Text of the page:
An expert group advising the European Commission on so-called fake news wants tech giants to be more transparent about their advertising revenue. Their new report pressures social media firms like Facebook and Twitter to deal with the spread of false information on their platforms.
Platforms should change their advertising policies to “discourage the dissemination and amplification of disinformation for profit”, the group wrote in a report published on Monday (12 March).
The Commission will announce its own non-binding recommendations on fake news on 25 April. It set up the expert group late last year and selected 39 researchers and representatives from tech platforms, media and NGOs to draft a report ahead of the upcoming strategy.
The expert group “deliberately” rejected the term “fake news”, and said its recommendations address “disinformation” that is not illegal but is “designed, presented and promoted to intentionally cause public harm or for profit”. So far, the Commission has described its April announcement as an effort to address fake news.
Members of the group began meeting in January. The experts’ work ended after Thursday’s report was published, but they could reconvene in November to judge whether companies are taking on the recommendations, which focus largely on big online platforms’ role in spreading disinformation.
“The growing power of platforms to enable—and potentially to interfere with—the free circulation of information comes with growing responsibilities,” the report reads.
It urged the Commission to consider how disinformation could spread online before the 2019 European elections.
Social media platforms have come under increased scrutiny over the last few months to remove posts containing false information and shut down fake user accounts. Political pressure increased after Facebook revealed last autumn that a Russian company with ties to the Kremlin had purchased political advertisements before the 2016 election in the United States.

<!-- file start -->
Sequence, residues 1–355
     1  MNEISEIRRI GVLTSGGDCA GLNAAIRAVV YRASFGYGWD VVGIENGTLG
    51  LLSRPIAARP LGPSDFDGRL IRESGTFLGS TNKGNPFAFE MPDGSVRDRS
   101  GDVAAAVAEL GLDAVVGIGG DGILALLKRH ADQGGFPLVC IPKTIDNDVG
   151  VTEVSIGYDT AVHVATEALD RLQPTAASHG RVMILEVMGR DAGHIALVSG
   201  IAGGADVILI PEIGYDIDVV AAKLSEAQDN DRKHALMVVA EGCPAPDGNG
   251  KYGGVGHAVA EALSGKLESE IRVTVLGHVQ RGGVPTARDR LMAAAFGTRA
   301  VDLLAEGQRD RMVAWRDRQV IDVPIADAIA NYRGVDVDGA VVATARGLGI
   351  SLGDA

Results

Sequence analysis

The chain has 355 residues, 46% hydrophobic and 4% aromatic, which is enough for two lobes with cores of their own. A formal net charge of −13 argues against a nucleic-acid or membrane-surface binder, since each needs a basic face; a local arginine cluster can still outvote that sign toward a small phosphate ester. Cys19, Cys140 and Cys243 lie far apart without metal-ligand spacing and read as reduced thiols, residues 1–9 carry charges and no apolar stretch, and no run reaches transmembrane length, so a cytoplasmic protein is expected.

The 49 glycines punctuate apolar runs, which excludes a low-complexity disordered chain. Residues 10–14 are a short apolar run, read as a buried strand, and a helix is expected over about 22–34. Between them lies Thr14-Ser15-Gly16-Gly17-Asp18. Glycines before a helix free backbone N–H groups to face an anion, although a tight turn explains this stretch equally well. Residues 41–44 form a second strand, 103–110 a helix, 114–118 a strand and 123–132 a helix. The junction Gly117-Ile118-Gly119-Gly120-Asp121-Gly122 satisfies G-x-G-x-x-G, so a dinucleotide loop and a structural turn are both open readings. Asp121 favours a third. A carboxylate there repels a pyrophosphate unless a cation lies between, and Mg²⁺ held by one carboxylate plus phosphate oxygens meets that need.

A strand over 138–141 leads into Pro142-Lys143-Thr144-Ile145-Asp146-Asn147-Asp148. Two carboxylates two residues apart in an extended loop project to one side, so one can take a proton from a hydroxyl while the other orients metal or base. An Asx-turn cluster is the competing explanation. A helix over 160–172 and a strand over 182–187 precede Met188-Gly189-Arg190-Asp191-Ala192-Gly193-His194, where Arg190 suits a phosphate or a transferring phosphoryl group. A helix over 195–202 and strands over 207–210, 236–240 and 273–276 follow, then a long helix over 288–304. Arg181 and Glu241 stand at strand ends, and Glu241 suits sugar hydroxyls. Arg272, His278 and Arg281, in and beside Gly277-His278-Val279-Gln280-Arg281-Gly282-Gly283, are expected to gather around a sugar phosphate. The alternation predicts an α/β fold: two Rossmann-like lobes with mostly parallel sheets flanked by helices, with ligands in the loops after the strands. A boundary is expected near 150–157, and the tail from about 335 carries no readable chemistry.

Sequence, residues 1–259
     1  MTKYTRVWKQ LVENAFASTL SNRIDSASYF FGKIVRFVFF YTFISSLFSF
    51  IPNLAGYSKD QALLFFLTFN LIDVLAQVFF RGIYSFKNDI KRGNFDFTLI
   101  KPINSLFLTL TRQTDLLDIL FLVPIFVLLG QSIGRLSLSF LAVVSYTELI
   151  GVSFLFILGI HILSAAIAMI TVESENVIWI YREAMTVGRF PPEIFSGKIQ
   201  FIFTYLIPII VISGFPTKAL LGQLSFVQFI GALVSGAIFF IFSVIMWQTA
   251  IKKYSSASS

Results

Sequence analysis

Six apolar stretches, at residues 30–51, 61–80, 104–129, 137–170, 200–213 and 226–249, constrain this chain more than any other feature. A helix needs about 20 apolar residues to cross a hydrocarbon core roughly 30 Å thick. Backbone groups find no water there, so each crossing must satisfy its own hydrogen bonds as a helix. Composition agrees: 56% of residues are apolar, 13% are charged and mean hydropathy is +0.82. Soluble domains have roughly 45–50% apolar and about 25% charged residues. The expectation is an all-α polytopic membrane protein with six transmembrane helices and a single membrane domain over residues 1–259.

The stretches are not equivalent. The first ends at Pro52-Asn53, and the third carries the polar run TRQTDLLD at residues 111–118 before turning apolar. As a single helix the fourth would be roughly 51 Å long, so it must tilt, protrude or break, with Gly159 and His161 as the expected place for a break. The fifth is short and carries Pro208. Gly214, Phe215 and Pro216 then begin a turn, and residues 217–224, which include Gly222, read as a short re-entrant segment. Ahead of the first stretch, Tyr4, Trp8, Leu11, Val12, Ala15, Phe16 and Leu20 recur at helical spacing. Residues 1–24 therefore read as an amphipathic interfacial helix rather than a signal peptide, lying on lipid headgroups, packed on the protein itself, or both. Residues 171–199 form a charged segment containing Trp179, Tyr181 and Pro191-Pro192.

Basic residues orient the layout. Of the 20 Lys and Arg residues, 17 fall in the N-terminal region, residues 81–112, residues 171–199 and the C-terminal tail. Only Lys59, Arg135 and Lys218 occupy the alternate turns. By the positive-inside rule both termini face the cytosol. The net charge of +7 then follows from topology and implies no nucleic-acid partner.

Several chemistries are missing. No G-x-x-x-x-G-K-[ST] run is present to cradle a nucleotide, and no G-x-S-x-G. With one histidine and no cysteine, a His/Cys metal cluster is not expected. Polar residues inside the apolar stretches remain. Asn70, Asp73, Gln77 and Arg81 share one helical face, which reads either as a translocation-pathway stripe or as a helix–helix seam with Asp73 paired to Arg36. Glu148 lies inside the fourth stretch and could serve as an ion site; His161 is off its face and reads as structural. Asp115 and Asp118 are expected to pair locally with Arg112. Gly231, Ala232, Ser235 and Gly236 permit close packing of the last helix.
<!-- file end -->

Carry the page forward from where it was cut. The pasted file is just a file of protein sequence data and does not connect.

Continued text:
The Commission’s expert group wants social media companies to be more transparent about who pays to advertise on their platforms. The report outlined ten principles that platforms should follow, including “adhering to ‘follow-the-money’ principle, whilst preventing incentives that lead[s] to disinformation”.
Lobbyists from Google, Twitter and Facebook were part of the expert group and approved the report.
The document calls on platforms to clearly label when advertisements are sponsored or paid for by political groups, and to be transparent with their users about when their personal data is used for targeted advertising.
EU Digital Commissioner Mariya Gabriel said that the Commission will consider the group’s recommendations, but will not commit to including them in the strategy she will announce next month.
Gabriel also insisted that the Commission will not yet introduce binding legislation forcing platforms to remove false information, but may consider regulation in the future.
“That’s very much the approach we need to stick to: no legislation at this point. Let’s try and identify the problem, let’s put in place a number of measures, let’s monitor the implementation of these measures. And then the Commission reserves the right to see what to do in the future,” she told reporters on Monday.